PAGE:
Today, the UK’s Supreme Court ruled that the UK has to get a permission slip from Parliament before beginning the process of leaving the EU. This upholds a decision made by a lower court last year. Reminder: in a international mic drop, the UK voted to leave the EU last summer. Ever since, new British PM Theresa May’s been trying to figure out the best way to consciously uncouple. Today’s ruling means she’ll definitely need Parliament’s stamp of approval first. Tricky, since May and some members of Parliament don’t see eye-to-eye on key Brexit issues, including access to the EU’s market. While Parliament says it won’t try and stop Brexit from happening, this will slow down the process and is a political blow for May. One silver lining on the May showers? Today’s decision also said that she won’t need separate approval from the legislatures in Scotland, Northern Ireland, and Wales (also part of the UK). The divorce process is supposed to start by the end of March, but now it’s TBD on whether that will be delayed. (CNN)

 

Wider Racial Gap Found in Cervical Cancer Deaths

A new study found that cervical cancer is a bigger threat to US women than people realized. For years, the mortality rate for the disease was based on data that included women who’ve had hysterectomies. Hysterectomy: the procedure that typically removes a woman’s cervix, and – yup – the risk of cervical cancer. Once the data excluded those ladies, it showed a different picture. Even worse, the death rate is much higher for black women than white women. Some doctors say that could be because black women don’t have equal access to screenings or health coverage. (New York Times)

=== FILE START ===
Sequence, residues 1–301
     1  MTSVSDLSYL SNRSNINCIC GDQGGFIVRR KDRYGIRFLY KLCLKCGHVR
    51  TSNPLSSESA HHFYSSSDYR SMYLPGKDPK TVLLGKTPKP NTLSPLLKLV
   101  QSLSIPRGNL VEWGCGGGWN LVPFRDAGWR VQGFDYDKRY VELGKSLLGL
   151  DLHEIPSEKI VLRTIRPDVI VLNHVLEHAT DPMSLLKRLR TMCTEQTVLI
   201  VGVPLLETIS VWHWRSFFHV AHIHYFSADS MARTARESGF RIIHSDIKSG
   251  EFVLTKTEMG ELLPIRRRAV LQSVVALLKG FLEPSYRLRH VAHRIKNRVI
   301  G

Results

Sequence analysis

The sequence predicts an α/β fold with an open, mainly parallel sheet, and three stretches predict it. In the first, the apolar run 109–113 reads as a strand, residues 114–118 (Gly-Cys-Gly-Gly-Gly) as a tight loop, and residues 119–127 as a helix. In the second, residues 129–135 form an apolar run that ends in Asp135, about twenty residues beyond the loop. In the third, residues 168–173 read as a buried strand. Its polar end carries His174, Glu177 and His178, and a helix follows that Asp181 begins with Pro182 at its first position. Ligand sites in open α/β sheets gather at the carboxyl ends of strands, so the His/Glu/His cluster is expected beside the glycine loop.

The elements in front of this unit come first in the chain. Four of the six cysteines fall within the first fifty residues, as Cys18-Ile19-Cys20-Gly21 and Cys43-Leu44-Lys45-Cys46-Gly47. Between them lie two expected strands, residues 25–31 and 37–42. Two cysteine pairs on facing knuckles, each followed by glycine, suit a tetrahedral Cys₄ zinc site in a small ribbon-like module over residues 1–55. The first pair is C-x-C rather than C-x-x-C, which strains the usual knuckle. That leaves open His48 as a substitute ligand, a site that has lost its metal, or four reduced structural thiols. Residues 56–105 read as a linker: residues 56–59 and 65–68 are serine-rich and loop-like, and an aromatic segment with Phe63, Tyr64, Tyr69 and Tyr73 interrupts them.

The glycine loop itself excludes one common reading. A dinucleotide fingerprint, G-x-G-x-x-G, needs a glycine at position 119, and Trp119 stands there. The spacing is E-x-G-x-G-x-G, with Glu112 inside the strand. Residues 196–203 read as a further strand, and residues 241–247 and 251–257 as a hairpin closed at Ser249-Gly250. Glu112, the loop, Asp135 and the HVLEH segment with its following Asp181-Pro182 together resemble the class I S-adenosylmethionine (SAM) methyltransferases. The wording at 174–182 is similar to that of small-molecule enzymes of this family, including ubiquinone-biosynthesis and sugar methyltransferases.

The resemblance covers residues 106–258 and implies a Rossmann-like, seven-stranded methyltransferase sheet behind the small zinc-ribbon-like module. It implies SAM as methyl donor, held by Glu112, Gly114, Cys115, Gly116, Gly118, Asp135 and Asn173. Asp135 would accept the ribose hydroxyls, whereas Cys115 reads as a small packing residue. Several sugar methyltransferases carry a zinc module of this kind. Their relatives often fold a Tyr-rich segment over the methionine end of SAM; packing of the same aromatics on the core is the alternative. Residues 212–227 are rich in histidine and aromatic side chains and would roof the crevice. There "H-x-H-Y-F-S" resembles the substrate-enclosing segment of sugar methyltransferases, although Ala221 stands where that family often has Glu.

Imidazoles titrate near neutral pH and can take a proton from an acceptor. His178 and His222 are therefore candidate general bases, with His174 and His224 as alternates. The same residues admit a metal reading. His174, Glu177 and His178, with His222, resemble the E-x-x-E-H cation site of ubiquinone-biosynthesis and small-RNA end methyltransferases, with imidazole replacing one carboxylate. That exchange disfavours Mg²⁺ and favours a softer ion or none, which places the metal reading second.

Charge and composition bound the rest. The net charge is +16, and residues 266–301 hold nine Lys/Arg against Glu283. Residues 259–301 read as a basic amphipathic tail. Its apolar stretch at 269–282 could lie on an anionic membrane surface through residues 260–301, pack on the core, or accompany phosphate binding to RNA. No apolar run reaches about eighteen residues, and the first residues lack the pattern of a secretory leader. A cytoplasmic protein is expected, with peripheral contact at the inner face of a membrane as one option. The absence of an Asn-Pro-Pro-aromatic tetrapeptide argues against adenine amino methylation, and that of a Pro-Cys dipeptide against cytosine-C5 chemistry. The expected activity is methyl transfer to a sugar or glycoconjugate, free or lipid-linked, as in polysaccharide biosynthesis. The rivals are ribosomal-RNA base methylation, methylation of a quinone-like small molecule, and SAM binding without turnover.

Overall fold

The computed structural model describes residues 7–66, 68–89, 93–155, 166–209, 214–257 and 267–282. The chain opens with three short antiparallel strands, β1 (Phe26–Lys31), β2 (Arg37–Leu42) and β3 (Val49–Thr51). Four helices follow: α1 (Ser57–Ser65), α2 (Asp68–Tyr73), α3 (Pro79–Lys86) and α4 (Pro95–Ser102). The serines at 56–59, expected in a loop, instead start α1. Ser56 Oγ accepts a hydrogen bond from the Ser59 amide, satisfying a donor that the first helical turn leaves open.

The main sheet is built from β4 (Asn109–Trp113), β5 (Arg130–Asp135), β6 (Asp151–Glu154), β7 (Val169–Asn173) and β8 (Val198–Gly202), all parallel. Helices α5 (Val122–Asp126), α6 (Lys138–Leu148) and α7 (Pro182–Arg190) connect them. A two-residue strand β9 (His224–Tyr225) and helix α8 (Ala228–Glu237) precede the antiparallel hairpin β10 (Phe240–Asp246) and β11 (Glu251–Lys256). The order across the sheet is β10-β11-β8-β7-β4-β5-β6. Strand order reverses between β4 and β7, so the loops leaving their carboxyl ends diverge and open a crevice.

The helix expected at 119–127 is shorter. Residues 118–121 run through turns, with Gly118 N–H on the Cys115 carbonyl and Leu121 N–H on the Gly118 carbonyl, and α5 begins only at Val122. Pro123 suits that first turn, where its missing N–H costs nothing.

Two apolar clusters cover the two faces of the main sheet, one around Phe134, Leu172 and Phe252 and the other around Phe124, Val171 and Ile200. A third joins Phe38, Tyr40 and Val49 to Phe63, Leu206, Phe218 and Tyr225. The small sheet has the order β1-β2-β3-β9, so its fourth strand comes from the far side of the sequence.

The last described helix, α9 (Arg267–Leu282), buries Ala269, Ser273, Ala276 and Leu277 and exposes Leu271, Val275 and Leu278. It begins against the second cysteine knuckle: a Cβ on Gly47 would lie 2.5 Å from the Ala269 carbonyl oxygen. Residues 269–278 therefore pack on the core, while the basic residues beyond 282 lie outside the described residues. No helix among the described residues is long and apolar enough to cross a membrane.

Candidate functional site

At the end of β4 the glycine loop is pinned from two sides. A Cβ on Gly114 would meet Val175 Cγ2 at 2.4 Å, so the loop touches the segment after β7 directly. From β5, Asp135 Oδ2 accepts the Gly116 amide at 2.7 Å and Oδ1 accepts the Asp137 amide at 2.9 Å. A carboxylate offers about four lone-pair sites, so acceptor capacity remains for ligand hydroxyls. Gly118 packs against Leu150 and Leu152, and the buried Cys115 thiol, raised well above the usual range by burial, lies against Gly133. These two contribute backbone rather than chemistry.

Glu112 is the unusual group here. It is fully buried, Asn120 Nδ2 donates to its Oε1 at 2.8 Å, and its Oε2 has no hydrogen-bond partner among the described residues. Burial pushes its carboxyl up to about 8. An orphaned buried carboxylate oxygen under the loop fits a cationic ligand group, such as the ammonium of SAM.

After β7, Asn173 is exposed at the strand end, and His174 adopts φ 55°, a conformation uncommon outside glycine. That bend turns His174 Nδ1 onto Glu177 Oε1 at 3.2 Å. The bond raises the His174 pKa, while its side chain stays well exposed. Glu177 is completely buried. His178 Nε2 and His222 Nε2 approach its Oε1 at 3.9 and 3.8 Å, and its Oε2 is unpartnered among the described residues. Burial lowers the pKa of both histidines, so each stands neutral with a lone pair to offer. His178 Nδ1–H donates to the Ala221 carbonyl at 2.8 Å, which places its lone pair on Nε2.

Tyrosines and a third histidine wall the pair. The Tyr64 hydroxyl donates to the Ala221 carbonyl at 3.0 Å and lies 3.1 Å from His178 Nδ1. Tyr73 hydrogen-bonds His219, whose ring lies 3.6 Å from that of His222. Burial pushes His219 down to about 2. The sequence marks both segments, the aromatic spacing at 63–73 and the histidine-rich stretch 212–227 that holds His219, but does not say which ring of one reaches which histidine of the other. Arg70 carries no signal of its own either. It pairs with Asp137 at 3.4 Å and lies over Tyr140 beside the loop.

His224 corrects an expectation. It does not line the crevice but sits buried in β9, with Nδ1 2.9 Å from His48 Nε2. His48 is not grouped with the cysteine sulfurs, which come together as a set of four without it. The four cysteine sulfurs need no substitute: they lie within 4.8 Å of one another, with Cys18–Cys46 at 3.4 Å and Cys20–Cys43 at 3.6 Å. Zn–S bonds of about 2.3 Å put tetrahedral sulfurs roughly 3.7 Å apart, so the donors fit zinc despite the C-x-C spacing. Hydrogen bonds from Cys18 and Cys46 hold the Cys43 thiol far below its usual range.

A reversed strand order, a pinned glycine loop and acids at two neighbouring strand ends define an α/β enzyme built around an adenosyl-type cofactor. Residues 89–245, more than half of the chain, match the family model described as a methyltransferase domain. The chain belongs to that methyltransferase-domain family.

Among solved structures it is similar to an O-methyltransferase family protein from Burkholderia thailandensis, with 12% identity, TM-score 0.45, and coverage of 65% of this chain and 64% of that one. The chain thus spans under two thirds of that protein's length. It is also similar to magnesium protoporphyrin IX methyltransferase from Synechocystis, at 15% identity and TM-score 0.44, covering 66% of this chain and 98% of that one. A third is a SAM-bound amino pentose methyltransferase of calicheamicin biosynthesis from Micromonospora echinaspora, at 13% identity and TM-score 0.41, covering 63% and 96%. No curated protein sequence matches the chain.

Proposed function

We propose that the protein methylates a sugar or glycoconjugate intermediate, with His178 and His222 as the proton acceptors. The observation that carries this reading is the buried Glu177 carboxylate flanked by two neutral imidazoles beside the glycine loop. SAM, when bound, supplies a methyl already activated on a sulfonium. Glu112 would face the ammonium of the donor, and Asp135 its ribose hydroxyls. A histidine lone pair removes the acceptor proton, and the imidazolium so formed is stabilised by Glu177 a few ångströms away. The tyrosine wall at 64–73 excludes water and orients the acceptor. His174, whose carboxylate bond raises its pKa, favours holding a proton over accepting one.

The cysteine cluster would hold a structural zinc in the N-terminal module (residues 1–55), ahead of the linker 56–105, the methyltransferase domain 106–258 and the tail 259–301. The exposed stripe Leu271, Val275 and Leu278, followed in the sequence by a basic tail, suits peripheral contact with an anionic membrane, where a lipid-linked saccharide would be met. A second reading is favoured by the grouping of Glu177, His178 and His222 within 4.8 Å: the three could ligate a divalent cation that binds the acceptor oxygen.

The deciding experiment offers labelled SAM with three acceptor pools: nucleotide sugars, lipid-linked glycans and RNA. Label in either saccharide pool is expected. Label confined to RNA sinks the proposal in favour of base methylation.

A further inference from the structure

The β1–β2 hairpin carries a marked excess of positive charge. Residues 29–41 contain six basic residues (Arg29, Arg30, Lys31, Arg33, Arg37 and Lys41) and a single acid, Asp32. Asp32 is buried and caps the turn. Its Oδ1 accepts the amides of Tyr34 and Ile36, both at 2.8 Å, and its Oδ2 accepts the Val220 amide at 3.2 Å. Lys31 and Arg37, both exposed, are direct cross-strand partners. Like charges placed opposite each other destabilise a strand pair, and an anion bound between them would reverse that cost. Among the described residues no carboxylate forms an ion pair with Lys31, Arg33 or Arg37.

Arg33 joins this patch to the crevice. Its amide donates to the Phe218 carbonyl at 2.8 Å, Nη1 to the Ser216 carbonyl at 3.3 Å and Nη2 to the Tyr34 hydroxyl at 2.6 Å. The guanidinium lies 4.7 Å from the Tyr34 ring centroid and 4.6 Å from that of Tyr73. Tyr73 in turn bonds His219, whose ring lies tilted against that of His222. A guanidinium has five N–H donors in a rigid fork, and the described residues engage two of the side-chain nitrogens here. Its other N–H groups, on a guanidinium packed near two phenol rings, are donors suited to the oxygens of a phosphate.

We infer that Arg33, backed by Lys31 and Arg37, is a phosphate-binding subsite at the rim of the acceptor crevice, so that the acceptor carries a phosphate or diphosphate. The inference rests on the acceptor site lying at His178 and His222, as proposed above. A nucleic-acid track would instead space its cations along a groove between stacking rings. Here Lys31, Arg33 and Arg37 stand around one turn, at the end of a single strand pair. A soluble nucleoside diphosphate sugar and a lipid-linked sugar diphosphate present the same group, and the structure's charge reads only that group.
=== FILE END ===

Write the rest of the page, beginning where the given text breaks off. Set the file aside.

W.A.N.T.E.D.

In a desperate bid to find their missing son, a couple plastered their town with fake police posters that painted him as a wanted terrorist. The posters, which describe their 20-year-old son as a “wanted terrorist,” were not officially issued. His parents said they printed up the posters, which offer a 500,000 yuan ($73,137) reward and list their phone numbers, to drum up leads about his disappearance two years earlier. Their son was last seen at Tianhe Airport in Wuhan, Hubei Province, in November 2015 after returning from a study abroad in Russia. He had not informed his parents he had returned to China.  After a year of searching and spending 100,000 yuan ($14,613) for information that led them nowhere, the parents decided to create the posters – listing their personal phone numbers as a contact. The father said he and his wife were trying to find their lost son promised to take down the posters. Forging official documents such as police notifications is a crime, according to China’s Criminal Law. Their son’s whereabouts still remain unknown. (Global Times)

 

Park employee didn’t collect admission fees from 160,000 foreigners over 2 1/2 years because one scared him

A 71-year-old former employee at a park in Japan failed to collect admission fees from at least 160,000 foreigners for over two years. The man said he stopped asking foreign visitors for the $1.70 entrance fee at the ticket counter after one of them yelled at him, and he felt intimidated after that. The environment ministry, which manages the park, has penalized the man one month’s salary. After the news came to light last week, the employee submitted his resignation and offered to return half of his retirement money — approximately 300,000 yen (about $2,635.67). (Japan Today)

 

Humpday Wednesday, it must be:

*A Room of One’s Own Day
*Macintosh Computer Day (Note: On Jan. 22, 1984 in a Super Bowl ad the Macintosh got introduced. Steve Jobs then presented it to the world on January 24, 1984 and it went on sale to the public the next day on January 25, 1984.)
*National Irish Coffee Day (Also observed on March 17)
*Opposite Day
*Robert Burns Day